Risks outweigh benefits for low back pain imaging

March 2, 2009

Low back pain is so common a complaint that physicians increasingly are recommending against invasive therapy for any but the most serious cases. This approach has led researchers to back up a step in patient management and crunch the numbers behind the imaging procedures that are done to assess and monitor this condition. It’s not good news for radiology.

Low back pain is so common a complaint that physicians increasingly are recommending against invasive therapy for any but the most serious cases. This approach has led researchers to back up a step in patient management and crunch the numbers behind the imaging procedures that are done to assess and monitor this condition. It's not good news for radiology.

Based on meta-analyses of research involving more than 1800 patients, the investigators concluded that resources could be better spent and patients would be better off if MR, CT, and radiography were not performed routinely on patients with low back pain.

Researchers from the Oregon Health and Science University have concluded that scans of this part of the body should be performed only if physicians observe features of a serious condition underlying low back pain. The research, reported from the OHSU Oregon Evidence-Based Practice Center and published in mid-February in The Lancet, documents that these scans do not lead to lessened pain, improved function, or even reduced anxiety for the patient.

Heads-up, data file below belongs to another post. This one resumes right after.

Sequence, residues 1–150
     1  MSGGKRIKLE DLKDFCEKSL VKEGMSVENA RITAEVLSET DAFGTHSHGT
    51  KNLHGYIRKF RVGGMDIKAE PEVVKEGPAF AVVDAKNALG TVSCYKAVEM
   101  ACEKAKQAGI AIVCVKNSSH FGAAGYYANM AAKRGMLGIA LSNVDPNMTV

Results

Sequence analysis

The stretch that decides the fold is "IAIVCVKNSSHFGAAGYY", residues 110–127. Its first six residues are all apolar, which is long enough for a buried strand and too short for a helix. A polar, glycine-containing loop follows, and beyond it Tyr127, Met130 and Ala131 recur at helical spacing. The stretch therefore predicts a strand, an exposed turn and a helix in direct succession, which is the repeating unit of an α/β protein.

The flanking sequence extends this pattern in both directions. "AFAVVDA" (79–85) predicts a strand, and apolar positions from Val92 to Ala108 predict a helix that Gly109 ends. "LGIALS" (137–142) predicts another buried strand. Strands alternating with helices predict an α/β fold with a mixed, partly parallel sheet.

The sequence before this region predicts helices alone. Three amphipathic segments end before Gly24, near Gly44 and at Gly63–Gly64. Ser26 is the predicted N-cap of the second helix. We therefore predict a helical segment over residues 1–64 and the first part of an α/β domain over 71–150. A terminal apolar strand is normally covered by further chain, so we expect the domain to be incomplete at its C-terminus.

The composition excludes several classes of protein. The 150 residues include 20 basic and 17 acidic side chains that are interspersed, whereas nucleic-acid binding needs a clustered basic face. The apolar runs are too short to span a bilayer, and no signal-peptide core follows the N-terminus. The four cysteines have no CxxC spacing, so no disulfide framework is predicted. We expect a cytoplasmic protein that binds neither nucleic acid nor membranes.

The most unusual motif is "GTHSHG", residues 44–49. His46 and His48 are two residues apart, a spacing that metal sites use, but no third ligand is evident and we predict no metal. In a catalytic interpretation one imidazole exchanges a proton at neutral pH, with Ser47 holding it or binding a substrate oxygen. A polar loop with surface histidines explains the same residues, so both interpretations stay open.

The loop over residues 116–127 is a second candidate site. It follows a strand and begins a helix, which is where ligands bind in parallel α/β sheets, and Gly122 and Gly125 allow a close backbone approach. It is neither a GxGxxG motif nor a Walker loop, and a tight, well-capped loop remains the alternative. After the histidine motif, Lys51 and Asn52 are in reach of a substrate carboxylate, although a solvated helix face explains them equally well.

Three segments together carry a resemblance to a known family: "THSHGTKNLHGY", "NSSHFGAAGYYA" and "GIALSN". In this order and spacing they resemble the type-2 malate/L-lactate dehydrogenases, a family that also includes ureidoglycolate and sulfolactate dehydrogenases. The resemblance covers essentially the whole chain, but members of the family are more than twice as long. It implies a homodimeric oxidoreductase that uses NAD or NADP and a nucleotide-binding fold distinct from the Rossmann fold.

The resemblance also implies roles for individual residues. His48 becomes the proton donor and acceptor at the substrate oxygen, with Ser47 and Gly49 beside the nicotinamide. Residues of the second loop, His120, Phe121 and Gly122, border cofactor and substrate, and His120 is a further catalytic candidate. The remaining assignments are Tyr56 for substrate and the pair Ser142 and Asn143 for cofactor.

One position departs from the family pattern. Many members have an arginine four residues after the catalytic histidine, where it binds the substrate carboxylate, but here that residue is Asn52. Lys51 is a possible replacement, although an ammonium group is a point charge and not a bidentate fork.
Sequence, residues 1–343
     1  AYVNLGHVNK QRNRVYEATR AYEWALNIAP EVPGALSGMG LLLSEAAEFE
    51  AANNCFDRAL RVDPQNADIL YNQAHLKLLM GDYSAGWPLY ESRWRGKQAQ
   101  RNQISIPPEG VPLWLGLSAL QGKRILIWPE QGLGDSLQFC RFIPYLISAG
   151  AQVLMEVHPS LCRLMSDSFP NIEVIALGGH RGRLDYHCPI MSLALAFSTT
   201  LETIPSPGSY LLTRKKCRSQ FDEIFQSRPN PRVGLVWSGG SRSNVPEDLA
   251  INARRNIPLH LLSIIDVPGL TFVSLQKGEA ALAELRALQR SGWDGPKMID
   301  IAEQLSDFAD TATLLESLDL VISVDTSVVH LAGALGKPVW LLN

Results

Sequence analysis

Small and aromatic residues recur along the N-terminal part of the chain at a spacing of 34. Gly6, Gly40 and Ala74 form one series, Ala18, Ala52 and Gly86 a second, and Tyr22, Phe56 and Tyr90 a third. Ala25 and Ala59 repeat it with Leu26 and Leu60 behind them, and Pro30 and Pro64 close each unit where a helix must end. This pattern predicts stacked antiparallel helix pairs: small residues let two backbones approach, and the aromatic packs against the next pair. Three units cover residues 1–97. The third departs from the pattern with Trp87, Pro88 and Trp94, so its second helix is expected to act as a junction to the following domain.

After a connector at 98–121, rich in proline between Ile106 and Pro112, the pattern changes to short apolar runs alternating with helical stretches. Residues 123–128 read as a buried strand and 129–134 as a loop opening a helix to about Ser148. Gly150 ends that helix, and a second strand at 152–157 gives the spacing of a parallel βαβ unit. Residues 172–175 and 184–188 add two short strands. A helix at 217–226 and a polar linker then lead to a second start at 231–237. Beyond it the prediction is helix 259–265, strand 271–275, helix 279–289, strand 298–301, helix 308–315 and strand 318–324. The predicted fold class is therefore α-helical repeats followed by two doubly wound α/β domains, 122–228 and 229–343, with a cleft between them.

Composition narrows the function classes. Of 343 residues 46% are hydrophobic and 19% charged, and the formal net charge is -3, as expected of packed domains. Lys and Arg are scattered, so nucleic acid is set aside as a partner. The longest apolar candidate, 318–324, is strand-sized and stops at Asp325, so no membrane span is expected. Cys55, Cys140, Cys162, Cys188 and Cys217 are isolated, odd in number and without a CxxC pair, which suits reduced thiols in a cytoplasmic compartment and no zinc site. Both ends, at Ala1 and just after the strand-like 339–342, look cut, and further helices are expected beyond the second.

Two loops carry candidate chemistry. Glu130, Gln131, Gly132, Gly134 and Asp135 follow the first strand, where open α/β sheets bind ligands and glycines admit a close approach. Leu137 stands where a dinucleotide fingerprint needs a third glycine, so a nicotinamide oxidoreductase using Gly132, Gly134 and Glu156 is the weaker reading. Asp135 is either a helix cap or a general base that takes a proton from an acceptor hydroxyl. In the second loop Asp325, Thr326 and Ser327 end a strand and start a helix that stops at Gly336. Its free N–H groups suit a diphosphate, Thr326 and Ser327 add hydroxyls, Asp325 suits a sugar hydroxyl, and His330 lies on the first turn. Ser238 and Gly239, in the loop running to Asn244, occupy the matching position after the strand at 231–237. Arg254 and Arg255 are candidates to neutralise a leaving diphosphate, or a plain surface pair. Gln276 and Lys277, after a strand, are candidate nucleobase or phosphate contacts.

"There were even some trends toward worse outcomes," said lead author Dr. Roger Chou, scientific director of the Oregon center.

The impact of the warning may be felt most among MR practitioners, he said.

"Rates of utilization of lumbar MRI are increasing, and implementation of diagnostic imaging guidelines for low back pain remains a challenge," Chou said. "However, clinicians are more likely to adhere to guideline recommendations about lumbar imaging now that these are supported by consistent evidence from higher quality randomized controlled trials."

In what may be part of a growing trend as the federal government focuses on reining in healthcare costs, Chou and colleagues noted that imaging studies for low back pain increase medical costs, especially when they lead to unnecessary invasive procedures. Such procedures can further affect patient well-being if they move patients to reduce their activity, as exercise can improve back health.

Chou and colleagues conducted a meta-analysis of randomized controlled trials that compared immediate back imaging done with x-ray, MR, or CT against "usual clinical care" that did not involve immediate imaging. Data from six clinical trials were examined. A range of outcomes was addressed. These included indices of pain and function, quality of life, mental health, overall patient-reported improvement, and patient satisfaction.

The analysis found no significant differences between immediate imaging and usual clinical care.

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